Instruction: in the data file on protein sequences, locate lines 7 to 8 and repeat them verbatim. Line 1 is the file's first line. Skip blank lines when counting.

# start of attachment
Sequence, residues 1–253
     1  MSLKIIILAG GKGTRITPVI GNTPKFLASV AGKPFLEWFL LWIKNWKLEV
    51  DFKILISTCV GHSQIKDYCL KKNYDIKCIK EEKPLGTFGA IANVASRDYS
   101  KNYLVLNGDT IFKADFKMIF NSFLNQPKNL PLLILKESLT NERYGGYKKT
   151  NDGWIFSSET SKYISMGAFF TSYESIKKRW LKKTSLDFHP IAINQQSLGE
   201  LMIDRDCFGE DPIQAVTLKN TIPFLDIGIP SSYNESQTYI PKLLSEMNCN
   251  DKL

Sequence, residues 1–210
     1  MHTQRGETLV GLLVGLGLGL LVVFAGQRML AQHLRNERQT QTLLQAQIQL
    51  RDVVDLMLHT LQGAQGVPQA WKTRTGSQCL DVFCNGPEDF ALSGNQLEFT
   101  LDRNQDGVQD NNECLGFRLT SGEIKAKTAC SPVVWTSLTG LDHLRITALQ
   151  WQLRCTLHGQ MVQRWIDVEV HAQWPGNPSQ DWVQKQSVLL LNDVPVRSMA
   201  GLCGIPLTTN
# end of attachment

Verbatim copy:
   251  DKL

Sequence, residues 1–210